There is an interesting phenomenon underway that may provide a bounty of opportunities to soldiers on their way out of the Army.
It’s barely in its infancy stage, but the signs are there: Outgoing soldiers are putting down their guns and picking up the plows.
The phenomenon isn’t widespread mind you, but in the past few months I’ve seen some evidence of former soldiers getting into farming and ranching.
In this issue of the Fort Hood Herald, we have a story of about a program that teaches farming skills to veterans and soldiers interested in getting into agriculture once they get out.
The program — From Battleground to Breaking Ground: A Transitional Journey — is this Saturday at the Bell County Expo Center.
That article mentions the success story of former Marine Sgt. Doug Havemann, who entered the corporate world when he left the military seven years ago.
The corporate world didn’t work out for him, so now he’s trying his hands at ranching.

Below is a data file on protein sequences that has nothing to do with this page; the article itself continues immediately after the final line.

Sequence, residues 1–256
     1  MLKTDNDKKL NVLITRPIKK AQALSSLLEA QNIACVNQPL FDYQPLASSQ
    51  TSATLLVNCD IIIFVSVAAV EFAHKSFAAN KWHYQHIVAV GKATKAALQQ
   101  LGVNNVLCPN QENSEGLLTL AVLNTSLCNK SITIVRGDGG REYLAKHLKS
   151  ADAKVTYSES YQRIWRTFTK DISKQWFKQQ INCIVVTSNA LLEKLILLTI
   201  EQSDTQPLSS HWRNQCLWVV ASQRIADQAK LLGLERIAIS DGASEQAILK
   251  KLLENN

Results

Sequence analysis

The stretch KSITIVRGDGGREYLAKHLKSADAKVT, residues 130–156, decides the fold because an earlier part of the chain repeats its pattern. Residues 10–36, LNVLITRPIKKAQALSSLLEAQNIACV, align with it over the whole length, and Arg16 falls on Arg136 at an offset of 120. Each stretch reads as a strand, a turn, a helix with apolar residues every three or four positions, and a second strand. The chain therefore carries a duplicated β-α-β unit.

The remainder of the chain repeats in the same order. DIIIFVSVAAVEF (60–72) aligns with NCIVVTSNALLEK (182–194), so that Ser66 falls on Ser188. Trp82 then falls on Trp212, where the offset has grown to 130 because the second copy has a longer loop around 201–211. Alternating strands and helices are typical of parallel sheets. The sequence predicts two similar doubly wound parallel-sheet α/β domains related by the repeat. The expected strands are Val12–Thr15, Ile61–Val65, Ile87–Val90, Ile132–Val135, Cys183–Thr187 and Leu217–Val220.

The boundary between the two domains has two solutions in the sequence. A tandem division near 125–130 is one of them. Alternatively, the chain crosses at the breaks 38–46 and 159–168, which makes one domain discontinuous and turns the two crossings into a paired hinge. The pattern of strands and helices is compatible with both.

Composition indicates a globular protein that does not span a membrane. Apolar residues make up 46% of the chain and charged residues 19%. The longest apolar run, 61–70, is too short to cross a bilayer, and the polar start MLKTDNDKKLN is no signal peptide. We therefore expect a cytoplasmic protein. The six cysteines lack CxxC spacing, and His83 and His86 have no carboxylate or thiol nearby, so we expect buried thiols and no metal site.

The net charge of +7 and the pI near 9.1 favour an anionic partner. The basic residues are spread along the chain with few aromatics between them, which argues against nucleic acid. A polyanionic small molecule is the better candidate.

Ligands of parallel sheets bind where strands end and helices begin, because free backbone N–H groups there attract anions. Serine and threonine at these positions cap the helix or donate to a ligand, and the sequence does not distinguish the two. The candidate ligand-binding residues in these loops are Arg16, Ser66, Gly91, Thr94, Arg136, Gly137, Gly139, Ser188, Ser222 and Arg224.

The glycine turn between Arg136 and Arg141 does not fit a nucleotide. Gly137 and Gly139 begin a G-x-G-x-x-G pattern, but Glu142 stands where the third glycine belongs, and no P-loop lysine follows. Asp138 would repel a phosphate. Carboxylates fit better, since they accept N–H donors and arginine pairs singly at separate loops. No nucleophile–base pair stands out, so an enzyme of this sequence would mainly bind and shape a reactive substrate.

“Transitioning into agriculture was actually easier than transitioning into business,” said Havemann, who owns a 20-acre farm with nine grass-fed cows east of San Antonio. “The manual labor piece is easy.”
And just a few months ago, in the Killeen Daily Herald, we ran a story about a former Fort Hood soldier who now runs a pig farm near Copperas Cove.
Ron Chase, a combat veteran, and his wife decided to start the farm after Ron had trouble finding work when he left the Army.
The couple’s herd of adult pigs on the farm gives birth to dozens of piglets every year, which the Chases sell once the young pigs are old enough.
Whether the food is beef, pork or vegetables, running a farm isn’t easy. But neither is soldiering. You have to work well with others, work well outdoors and be able to problem solve and perform regular maintenance.
The effort of getting former soldiers into farming solves multiple problems at once. It gives jobs to veterans in need of jobs, and it helps add to our nation’s food supply. And in the case of Ron Chase, he has partnered with Fort Hood’s commissaries to pick up expired produce that normally would be thrown away, and bring it to his pigs, which gobble up the food in a frenzy.
That’s the kind of innovation we need nationwide.
Jacob Brooks, a former Army tanker, is the city editor for the Killeen Daily Herald. Contact him at firstname.lastname@example.org or (254) 501-7468.
Contact Jacob Brooks email@example.com or (254) 501-7468